In this example the scenario and schedule risks are identical to those in ‘example 1’, but in this case, a part failure would likely result in a minor reduction in equipment performance with little to no impact on overall program objectives. In this example, technical and schedule risk fall within acceptable limits for all three mitigation approaches.
Moving from “subjective assessments” to risk analysis supported by empirical data and defensible estimates
A number of factors need to be considered in order to transform the approach described in these examples from ‘subjective assessments’, suitable for philosophical discussions, into meaningful and practical risk analysis based on facts and data. The following are but a few of the key factors that present challenges for DoD, A&D contractors and academia in devising quantitative risk-based approaches.
Likelihood of counterfeiting across product types
The focus of counterfeit prevention should be applied based on the likelihood of a product being counterfeited and the fundamental premise that counterfeits tend to find their way into the DoD supply chain through certain categories of suppliers. The 16 March 2012 DoD memorandum on “Overarching DoD Counterfeit Prevention Guidance”  states that particular focus will be expected of DoD for “mission critical components”, “critical safety items”, “electronic parts”, and “loadbearing mechanical parts”. GIDEP and ERAI reports provide insight into the proportion of specific part types within the spectrum of electronic parts that are associated with counterfeit parts reported by industry. The Defense Logistics Agency recently presented a summary of its counterfeit prevention activity and included an analysis of its own counterfeit part findings . A comprehensive study of such data sources would go a long way toward quantifying likelihood of counterfeiting activity associated with specific types of products.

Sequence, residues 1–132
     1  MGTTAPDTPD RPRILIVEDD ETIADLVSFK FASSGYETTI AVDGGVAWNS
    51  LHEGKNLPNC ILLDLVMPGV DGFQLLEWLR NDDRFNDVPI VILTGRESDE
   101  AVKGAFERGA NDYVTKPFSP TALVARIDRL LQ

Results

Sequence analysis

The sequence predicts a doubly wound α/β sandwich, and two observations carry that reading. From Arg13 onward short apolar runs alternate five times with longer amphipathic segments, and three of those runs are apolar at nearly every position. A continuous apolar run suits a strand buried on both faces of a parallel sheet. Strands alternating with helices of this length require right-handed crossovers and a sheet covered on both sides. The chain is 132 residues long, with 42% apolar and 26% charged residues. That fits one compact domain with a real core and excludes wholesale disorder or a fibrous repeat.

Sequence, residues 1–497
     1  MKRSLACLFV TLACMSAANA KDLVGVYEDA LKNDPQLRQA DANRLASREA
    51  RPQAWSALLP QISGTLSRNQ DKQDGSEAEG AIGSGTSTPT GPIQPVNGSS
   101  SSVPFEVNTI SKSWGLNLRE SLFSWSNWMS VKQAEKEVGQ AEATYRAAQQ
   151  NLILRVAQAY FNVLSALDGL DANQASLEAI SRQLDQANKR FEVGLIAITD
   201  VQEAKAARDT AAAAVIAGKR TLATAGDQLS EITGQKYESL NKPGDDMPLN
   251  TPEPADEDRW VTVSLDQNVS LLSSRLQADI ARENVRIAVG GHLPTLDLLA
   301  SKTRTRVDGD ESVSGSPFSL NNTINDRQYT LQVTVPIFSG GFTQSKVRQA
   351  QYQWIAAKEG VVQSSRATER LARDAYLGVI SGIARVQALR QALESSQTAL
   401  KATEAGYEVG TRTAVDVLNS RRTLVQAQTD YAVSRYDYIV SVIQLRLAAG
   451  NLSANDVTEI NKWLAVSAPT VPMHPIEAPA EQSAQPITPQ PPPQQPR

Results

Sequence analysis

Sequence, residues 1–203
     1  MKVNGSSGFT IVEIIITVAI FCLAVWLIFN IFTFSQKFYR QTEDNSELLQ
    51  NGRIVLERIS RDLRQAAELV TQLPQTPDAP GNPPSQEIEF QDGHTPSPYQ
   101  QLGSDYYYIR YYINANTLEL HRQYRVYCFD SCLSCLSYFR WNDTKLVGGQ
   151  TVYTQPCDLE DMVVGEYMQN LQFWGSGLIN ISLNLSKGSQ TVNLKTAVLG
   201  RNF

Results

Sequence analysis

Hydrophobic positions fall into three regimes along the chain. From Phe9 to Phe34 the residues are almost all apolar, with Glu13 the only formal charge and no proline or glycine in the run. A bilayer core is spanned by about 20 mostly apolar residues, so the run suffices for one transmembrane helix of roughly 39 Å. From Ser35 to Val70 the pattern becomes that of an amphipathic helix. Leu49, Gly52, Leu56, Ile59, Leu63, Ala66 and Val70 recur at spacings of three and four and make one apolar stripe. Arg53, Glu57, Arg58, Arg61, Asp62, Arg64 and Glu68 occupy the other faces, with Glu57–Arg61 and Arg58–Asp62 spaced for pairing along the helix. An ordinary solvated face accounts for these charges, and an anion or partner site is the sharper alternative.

Types of counterfeits
The specific types of counterfeit electronic parts vary significantly. This variety has a major influence on technical risk assessments. Some types of counterfeits do not work; others do not behave at all like the authentic item. The probability of a quality escape for these types of counterfeits is relatively low. Other types of counterfeits, however, closely resemble the authentic item; variations in performance and damage from counterfeiting processes are difficult to detect without extensive testing of the parts themselves. Risk assessments should weigh the consequences of a counterfeit part quality escape and the extent of due diligence applied to prevent an escape. A challenge to devising quantitative risk-based approaches is the lack of data and analysis from which to derive the probability of each type of counterfeit circulating in the supply chain and the specific defects associated with them.
“Trusted Supplier” criteria